New city licence to sell dogs won’t help

Margery Armstrong with her Borzoi dogs Leonie and Thriller.

Margery Armstrong with her
Borzoi dogs Leonie and Thriller.

Two of the area’s top dog breeders agree that if you buy a puppy at a flea market, you’re simply asking for trouble.

Their comments came in the wake of reports a flea market puppy merchant sold rabies-infected animals in Etobicoke last month. Over 60 people have received rabies vaccinations since.

As a result, the city is considering strict new regulations, including a possible license to sell puppies.

“You have to be an idiot to buy a puppy at a flea market,” said Margery Armstrong, who has been in the dog breeding and boarding business for almost 20 years. “You need to go to see a breeder, you need to see where the puppies are kept, the mother, the father.”

“You need to be responsible.”

Armstrong, who bought her first Borzoi puppy over 30 years ago from a leading breeder, also worries about bringing an animal with an unknown history into the home.

“How can you bring a puppy into a house with children when you have no idea about its health? How sensible is that?” she said.

If the mother of the pups had been vaccinated in the first place, the pups would not have contracted rabies. According to Armstrong, the problem is that puppies cannot be fully vaccinated until four months of age.

Puppies being sold at markets are often too young to get their first shots, she said. Until they are vaccinated, they rely on nutrients received through their mother’s breast milk to stay healthy.

Armstrong does not believe a new city licence will resolve this potentially fatal issue. Instead, she firmly believes the owners of markets should be enforcing rules requiring sellers to provide proof of vaccination for the mother dogs.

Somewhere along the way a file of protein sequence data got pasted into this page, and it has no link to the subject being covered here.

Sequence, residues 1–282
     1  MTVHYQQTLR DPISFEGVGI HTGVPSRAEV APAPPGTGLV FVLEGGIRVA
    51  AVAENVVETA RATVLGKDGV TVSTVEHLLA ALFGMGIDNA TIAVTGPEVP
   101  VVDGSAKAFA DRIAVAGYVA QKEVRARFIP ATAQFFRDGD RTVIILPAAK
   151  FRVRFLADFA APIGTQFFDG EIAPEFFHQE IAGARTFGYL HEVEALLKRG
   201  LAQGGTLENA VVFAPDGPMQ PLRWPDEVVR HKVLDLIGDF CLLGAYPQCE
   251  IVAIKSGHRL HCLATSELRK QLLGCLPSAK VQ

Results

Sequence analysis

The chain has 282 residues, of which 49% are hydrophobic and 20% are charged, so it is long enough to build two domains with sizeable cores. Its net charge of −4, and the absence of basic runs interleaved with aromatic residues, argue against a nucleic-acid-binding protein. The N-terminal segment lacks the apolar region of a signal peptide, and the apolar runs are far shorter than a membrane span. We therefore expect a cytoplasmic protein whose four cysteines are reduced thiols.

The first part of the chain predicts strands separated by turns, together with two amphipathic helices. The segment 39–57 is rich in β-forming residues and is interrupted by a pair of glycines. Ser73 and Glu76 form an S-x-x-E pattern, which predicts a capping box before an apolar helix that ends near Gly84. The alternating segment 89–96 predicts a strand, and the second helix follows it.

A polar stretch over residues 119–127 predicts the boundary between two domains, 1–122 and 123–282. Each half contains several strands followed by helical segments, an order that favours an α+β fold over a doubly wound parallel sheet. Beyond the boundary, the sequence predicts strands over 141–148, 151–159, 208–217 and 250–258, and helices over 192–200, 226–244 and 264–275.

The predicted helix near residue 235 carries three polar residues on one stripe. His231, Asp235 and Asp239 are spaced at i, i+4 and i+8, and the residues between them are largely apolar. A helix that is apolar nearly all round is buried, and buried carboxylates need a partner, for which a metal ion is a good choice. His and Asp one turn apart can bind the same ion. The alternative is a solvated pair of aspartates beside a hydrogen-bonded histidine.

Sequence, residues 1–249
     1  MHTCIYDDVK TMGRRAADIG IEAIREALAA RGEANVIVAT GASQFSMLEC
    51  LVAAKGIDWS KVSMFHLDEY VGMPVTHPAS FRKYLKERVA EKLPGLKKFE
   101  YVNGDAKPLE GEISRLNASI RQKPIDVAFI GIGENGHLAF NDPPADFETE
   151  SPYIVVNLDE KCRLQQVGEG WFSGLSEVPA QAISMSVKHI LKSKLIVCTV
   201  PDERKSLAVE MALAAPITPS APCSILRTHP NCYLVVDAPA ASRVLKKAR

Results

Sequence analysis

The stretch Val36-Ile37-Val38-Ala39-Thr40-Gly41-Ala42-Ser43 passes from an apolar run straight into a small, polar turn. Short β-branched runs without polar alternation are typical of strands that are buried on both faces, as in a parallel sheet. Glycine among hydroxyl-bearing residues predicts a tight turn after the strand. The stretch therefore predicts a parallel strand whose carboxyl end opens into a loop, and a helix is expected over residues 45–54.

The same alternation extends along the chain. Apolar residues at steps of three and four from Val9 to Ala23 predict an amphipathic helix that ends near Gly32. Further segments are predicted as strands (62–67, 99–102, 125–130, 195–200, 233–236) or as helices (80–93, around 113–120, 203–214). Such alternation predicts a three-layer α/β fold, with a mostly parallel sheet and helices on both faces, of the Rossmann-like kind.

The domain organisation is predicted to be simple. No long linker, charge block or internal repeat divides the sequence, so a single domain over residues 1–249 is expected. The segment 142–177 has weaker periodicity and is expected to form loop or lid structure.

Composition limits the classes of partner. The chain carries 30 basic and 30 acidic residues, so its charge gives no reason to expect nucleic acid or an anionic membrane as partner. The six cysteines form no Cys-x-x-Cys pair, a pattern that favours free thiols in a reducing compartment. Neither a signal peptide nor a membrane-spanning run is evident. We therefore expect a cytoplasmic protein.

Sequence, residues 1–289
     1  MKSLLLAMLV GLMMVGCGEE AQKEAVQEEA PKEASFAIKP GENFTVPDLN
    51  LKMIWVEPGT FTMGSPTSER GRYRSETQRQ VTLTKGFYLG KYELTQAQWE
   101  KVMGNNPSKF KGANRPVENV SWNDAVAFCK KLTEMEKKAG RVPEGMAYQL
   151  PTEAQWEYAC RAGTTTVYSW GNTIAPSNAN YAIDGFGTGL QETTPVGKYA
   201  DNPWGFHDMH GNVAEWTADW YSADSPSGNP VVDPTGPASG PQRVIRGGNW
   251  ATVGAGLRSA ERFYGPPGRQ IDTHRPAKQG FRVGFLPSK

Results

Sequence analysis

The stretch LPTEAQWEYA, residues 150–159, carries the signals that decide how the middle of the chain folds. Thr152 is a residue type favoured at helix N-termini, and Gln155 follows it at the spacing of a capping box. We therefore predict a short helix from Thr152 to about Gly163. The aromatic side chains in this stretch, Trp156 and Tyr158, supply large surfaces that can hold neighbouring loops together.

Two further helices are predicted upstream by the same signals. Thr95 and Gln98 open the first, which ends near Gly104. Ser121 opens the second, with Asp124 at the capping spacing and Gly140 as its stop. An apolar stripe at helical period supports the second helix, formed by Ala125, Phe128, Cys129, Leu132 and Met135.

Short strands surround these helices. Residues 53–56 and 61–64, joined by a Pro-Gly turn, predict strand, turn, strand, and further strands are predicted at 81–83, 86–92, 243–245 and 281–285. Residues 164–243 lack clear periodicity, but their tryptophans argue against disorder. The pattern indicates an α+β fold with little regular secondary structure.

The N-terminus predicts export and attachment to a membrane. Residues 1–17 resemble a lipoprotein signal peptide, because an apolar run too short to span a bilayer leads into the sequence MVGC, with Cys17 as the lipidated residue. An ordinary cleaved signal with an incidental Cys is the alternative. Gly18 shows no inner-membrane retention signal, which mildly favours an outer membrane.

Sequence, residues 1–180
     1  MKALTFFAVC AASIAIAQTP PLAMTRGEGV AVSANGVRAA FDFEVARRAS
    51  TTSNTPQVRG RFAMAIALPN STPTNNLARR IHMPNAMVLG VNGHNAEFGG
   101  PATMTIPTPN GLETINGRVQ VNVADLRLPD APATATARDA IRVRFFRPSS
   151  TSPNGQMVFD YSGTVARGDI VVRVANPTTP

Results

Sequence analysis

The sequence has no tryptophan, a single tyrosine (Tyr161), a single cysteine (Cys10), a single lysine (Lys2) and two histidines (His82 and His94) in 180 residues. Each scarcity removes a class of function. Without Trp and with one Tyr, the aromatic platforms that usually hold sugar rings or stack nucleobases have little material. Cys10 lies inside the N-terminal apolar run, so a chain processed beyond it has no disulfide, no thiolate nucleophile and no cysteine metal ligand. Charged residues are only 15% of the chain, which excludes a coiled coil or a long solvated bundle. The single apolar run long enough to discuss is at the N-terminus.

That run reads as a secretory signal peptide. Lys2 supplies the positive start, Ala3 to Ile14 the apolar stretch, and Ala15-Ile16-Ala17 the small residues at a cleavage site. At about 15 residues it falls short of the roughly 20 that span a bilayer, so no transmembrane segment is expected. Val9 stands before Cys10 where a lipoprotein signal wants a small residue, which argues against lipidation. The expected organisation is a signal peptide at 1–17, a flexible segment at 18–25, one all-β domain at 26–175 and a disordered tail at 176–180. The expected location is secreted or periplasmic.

Simone Tracy, a licensed local breeder, agrees.

“We need to focus on responsible dog ownership, not more licences and fees,” said Tracy, who runs her business with husband Gary. “Another city licence seems like punishment to good breeders.

“Problems happen because of people that fall between the cracks, the ones that don’t bother taking their animals to the vets to get vaccinated,” she said.

“Do I think these new regulations and licences will help? No. Not from the sounds of it.”

Tracy views the possibility of a new city licence as a potential cash-grab.

“This seems to be a knee-jerk reaction to something that hasn’t been an issue for a very long time,” Tracy said. “We haven’t seen rabies in domestic animals for many, many years.”

Although the city is suggesting a new point-of-sale licence on puppies that are sold, the root of the problem is not being addressed, Tracy said.

“Buying a dog should not be on impulse. Serious dog owners need to do their research.”

Even though the puppies will get licensed upon purchase, problems lie in the health of the parent. If the mother has rabies, the pups will too, Tracy said. Sellers need to prove upon purchase that the parents are healthy, and then licence the pup, she believes.

“Buyers beware. No matter what breed you are looking at, contact the Canadian Kennel Society (CKS), and get a list of reputable breeders. Do your research.”

Armstrong and Tracy strongly disapprove of flea market puppy sales.

“Sellers often get puppies from puppy mills. Its a terrible practice, people should not buy from them, they are only perpetuating the problem,” Tracy said.

“If you are looking to buy a pup, why not be charitable. Go to the humane society: you can get dogs there that will offer a lifetime of companionship and happiness.”

Margery Armstrong's Borzoi dog, Leonie

Margery Armstrong’s Borzoi dog, Leonie.